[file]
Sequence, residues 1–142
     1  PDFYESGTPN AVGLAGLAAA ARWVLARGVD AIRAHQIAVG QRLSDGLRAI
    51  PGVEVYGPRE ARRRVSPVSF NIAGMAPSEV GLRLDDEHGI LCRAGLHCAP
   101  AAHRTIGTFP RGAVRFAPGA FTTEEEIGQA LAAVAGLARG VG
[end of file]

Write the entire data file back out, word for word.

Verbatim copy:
Sequence, residues 1–142
     1  PDFYESGTPN AVGLAGLAAA ARWVLARGVD AIRAHQIAVG QRLSDGLRAI
    51  PGVEVYGPRE ARRRVSPVSF NIAGMAPSEV GLRLDDEHGI LCRAGLHCAP
   101  AAHRTIGTFP RGAVRFAPGA FTTEEEIGQA LAAVAGLARG VG